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Connecticut s Fiscal Cliff

Newly re-elected U.S. Representative Jim Himes, a moderate Democrat operating out of Connecticut’s 4th District, has said concerning the nation’s so called fiscal cliff, “Washington understands how severe the consequences of the fiscal cliff are. When I saw House Speaker (John) Boehner speak two days ago, I thought he was conciliatory and traced the outlines of a deal."

Of course, the perceived severity of fiscal cliffs depends to some extent on one’s political vulnerability. Not all severity is created equal, and Democrats ensconced in Connecticut’s safe districts, such as U.S. Representatives John Larson and Rosa DeLauro, are apt to confront the fiscal cliff with less trepidation than Mr. Himes.

A recent study conducted by the Defense Technology Initiative should serve the members of Connecticut’s all Democratic Congressional delegation as a splash of cold water in the face. The study presents a sobering picture of Connecticut’s own fiscal cliff that should give vertigo to all freethinking and rational politicians in the state.

We learn that the amount of defense contracting in Connecticut has increased by 51 percent since 2003. The state’s defense contracting represents 5.1 percent of its economic output, not a negligible figure.

Should a lack of agreement between President Barack Obama, Democrats who control the U.S. Senate and Republicans who control the U.S. House trigger the automatic cuts implanted in the Budget Control Act of 2011, the effect on Connecticut would be severe, resulting in a loss of 36,000 to 50,000 jobs at a time when Connecticut is losing jobs to other states that are more business friendly.

The state treasury, presently more than $300 million in arrears according to a story in CTMirror or $690 million to $1 billion for each of the next two years according to a Bristol Today story, would also be hard hit as the state tumbles off the national fiscal cliff, since the defense industry contributes about $860 million towards Governor Dannel Malloy’s yet unbalanced budget. No one seems to know whether Malloy’s budget has EVER been in balance. According to Comptroller Kevin Lembo’s most recent report, the state has recovered only “31,400 (just over one quarter) of the 117,500 total nonfarm jobs lost in the March 2008 - February 2010 recessionary downturn.”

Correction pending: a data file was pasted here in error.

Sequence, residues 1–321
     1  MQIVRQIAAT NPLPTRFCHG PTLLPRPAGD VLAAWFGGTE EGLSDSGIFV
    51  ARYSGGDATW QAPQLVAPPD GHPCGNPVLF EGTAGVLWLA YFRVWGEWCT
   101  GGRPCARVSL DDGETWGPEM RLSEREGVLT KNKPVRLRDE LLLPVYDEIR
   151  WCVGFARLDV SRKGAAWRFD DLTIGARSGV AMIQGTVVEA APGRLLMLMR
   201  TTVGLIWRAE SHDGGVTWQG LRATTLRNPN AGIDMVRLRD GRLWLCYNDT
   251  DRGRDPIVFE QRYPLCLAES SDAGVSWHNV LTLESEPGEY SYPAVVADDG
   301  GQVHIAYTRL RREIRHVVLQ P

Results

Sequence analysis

Of the funds received by Connecticut from the federal government and parceled out to contractors, approximately $9.5 billion is spent on customary defense products: Virginia Class submarines, Black Hawk Helicopters, jet engines, turbines, other military components and the like. The spin-off economic activity generated by the contracts is even larger, about $22.4 billion, which affects about 101,000 jobs, according to the Defense Technology Initiative report.

Of course, the depth of the national “fiscal cliff” may be reduced if the president, the Democratic controlled U.S. Senate and the Republican controlled U.S. House are able to reach a satisfactory compromise on the self-elapsing Bush era tax cuts, otherwise known as tax increases.

But even assuming an end to the game of chicken, there must be defense cuts. Obama – who won the election -- needs the defense cuts to apply as a continuing payment on the Democrat’s new and expensive social programs, primarily Obamacare. And Connecticut’s all Democratic congressional delegation, having pledged its troth to Obama’s vision of the future in recently concluded state campaigns, is hardly in a position to offer at the alter a strenuous opposition to either Obama’s proposed defense cuts or increased taxes on quarter-millionaires or the increases in spending that will be plugged into a future Obama budget – presuming the president surprises everyone and offers a passable budget in his second term.

Unfortunately, Connecticut’s congressional delegation may not be ideally positioned to rescue the state from severe defense cuts. Its two U.S. Senators are relatively new arrivals and do not have enough political chits in the game – unlike departed U.S. Senator Chris Dodd and the departing U.S. Senator Joe Lieberman – to affect spending priorities in their state’s favor; and Connecticut’s House members will be joining an assembly controlled by Republicans averse to a crippling regulatory environment and increased business taxes that may, they predict, lead to a double dip recession and adversely impact an agonizingly slow recovery.

All of which leaves Connecticut in limbo, not to be confused with Lembo, who appears to be able to forecast deficits much more ably than the Malloyalists surrounding the governor, or indeed the governor himself – who recently promised no fewer than three times in one media availability that there will be no new tax increases in the coming budget – a dubious cry that recalls George H. W. Bush’s no new tax pledge and former Governor and Spendthrift  Lowell “The Maverick” Weicker’s prophetic insistence that a state income tax would incinerate to Connecticut’s economic infrastructure .

Arecent story in CTNewsJunkie pegs the current deficit at $365-million. Once the state arrives at the other side of elections, deficit figures tend to explode mysteriously:
“(Updated 3:54 p.m.) The numbers haven’t been certified by the comptroller, but Gov. Dannel P. Malloy’s budget director told the legislature’s Appropriations Committee on Wednesday that the state is running a $365-million deficit.”


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